Some policyholders received stock from their insurance company when the company converted from a mutual form of ownership to a stock insurance corporation. In the past, the IRS has said that such shares had a cost basis of zero. Several Federal court cases that dispute the IRS position and claim that cost basis existed have been working their way through the court system.
A recent court decision was handed down by a California court in January 2013 that was favorable to the position of the IRS. Two previous court cases were favorable to the taxpayer. Most recently, in an Arizona case, the court ruled that the taxpayer had basis of IPO value in the shares from forfeiting voting rights. As a result, protective refund claims that were filed will still be held up until the issue is finally resolved at a higher level.
The U.S. Court of Appeals issued a ruling in a case brought by trustee Eugene Fisher on behalf of taxpayer Seymour Nagan Irrevocable Trust (who will now be famous in the tax accounting world.) The Court found that the ownership rights in the demutualized shares should in theory receive an allocation of basis from the insurance policy.
However, considering the particular facts and circumstances of demutualization, the Court ruled that the value of the ownership rights was not discernible apart from the value of the insurance policy and therefore an allocation of basis cannot be made currently. Therefore, the "open transaction" method applies and the sales proceeds of the demutualization stock are treated as a return of capital up to the amount of cost basis in the insurance policy as a whole. Only amounts received in excess of the combined cost basis (an unlikely event) are taxable as capital gain.
The combined cost basis in the insurance policy plus the ownership rights to demutualization shares is the cumulative premiums paid less any dividends received.
This ruling is far better than the interim Court rulings that the initial public offering price would be the cost basis of the shares. The Court has essentially declared a complete victory for the taxpayer. Instead of the IRS position that all of the sales proceeds are capital gain, the Court basically ruled that none of the proceeds are taxable. Hurray!
However, the IRS does not agree and continues to litigate this issue in the courts.
News Update of July 2012: Latest news is that the Arizona Federal District Court rejected the IRS claim that demutualized shares have a cost basis of zero. There is still no clarity on the way to calculate basis, though. The valuation method will be established at a future date by the outcome of a court case on how to apportion basis between the shares and the insurance policy. Refund claims will continue to be held up by the IRS until the final ruling.
News update of January 2013: A California court has ruled for the IRS position that demutualized shares carry zero basis.
News update of March 2013: The Dorrance decision found that the taxpayer had cost basis from a combination of forfeiture of voting rights and past premium payments.
To report the sale of demutualization shares on your Form 1040 Schedule D Capital Gains and Losses, just report the net amount of sales proceeds as your cost basis and declare a capital gain of zero. (This assumes that you paid more in insurance premiums than the total IPO value of the demutualized shares.) Your new cost basis in the insurance policy is the cumulative premiums you paid less any dividends received less the return of capital in the amount of the net sales proceeds for the demutualization shares.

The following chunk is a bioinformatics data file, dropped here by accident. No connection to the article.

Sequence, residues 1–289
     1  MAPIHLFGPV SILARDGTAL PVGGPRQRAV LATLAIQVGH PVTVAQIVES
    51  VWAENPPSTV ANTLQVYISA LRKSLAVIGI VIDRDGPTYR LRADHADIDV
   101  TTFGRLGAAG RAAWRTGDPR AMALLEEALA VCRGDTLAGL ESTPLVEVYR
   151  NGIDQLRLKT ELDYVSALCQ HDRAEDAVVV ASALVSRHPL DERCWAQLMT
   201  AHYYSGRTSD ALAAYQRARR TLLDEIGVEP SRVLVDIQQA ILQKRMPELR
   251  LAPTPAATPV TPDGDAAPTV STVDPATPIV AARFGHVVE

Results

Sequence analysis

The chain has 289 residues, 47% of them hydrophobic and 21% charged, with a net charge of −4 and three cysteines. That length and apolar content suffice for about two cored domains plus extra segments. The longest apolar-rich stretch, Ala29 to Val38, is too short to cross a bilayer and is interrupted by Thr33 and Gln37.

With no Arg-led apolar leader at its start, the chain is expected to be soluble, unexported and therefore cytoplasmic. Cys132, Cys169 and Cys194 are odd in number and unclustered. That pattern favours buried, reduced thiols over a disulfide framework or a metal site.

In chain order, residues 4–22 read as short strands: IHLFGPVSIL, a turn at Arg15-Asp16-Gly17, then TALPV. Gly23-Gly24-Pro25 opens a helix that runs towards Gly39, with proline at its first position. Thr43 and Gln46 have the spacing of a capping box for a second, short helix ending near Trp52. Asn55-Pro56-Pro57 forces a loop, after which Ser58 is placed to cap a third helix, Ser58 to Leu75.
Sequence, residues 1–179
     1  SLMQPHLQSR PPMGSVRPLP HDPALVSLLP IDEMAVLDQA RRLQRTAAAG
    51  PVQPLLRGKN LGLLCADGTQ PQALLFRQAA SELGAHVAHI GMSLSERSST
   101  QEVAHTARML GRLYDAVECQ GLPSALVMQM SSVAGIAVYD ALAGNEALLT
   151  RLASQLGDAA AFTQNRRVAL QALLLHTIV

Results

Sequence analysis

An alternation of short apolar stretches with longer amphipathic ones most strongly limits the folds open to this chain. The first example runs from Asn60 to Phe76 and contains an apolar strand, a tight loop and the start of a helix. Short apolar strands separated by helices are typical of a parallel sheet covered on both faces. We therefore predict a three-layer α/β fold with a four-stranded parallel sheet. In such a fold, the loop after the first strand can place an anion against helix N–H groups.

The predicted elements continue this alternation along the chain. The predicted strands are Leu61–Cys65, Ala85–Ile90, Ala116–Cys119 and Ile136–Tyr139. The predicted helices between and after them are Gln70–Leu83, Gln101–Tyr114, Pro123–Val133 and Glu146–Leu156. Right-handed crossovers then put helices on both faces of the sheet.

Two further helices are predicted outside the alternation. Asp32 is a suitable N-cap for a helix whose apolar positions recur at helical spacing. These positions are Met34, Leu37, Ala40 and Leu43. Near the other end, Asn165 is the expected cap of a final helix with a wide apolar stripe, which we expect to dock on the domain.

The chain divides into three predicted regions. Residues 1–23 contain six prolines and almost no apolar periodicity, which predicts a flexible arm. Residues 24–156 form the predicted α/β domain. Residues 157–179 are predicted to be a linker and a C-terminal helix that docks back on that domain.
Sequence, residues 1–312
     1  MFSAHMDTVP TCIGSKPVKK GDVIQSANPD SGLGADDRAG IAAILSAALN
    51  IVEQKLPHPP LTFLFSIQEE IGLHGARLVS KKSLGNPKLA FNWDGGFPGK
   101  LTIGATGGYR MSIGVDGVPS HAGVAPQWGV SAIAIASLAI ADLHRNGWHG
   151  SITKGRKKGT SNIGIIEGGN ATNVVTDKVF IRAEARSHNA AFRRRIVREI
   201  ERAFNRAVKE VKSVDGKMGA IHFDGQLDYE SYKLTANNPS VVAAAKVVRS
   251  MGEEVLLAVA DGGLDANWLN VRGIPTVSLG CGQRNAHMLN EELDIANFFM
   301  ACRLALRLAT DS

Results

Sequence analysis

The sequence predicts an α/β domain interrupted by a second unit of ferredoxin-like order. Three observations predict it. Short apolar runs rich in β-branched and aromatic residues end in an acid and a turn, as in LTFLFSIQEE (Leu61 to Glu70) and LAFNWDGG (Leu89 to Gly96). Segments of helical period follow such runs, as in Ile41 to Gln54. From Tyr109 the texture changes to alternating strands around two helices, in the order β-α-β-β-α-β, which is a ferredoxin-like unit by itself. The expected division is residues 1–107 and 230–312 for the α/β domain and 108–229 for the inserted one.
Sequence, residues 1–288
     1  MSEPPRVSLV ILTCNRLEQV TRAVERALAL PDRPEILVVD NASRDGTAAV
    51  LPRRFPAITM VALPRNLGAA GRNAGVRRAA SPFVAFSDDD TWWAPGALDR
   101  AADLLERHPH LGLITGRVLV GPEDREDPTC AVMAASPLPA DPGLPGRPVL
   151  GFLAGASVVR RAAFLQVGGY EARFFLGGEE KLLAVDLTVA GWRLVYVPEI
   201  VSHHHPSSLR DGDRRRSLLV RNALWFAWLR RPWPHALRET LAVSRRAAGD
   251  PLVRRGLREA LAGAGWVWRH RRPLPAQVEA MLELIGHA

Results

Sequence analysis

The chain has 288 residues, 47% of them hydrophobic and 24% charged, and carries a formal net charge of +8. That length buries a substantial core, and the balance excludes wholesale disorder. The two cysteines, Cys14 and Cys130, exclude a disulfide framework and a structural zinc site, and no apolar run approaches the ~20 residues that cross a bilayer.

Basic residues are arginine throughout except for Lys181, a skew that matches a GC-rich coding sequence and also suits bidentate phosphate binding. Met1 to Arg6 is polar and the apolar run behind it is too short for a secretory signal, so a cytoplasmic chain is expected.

This case was originally pursued by a Minnesota accountant, Charles Ulrich, CPA, in the spirit of public service. He just thought the IRS position was unjust to taxpayers.
The Investor Relations websites of some of the demutualized insurance companies may provide further information. Some are relying on the IRS position and providing guidance that the cost basis is zero. The IRS instructions now specifically state that demutualized shares have a cost basis of zero. However, at the time this page was updated, the issue is still up in the air as far as the Courts are concerned. To be on the safe side, you could pay the long-term capital gain tax using a cost basis of zero and then immediately file a protective refund claim for the amount of tax paid.
The IPO (initial public offering) prices for various demutualized companies were as follows: AmerUs Life (received Amerus Group Co shares, bought by Aviva)...............$26.00
Indianapolis Life (received Amerus Group Co shares, bought by Aviva)........$35.63
State Mutual Life Assurance Co (received Allmerica Financial Corp shares). $21.00 Your holding period (date of purchase) for the shares would be the date you originally started paying insurance premiums to the company.
The largest life insurance companies that have demutualized include the following firms:
A resource which explains how to file an amended return for refund of capital gain taxes (if you already sold the shares and declared a tax basis of zero or the IPO price) can be found at: www.kiplinger.com/letterlinks/demutualization
A legal case decided in 2012 related to demutualization refund claims is explained in a recent Forbes article by contributor Peter J Reilly, CPA. Basically a timely-filed refund claim for capital gains tax paid on the sale of demutualization shares was rejected by the IRS because the taxpayer did not mention the specific name of the Fisher case! See the complete article by clicking on this link: Time Limit on Demutualization Refund Claims
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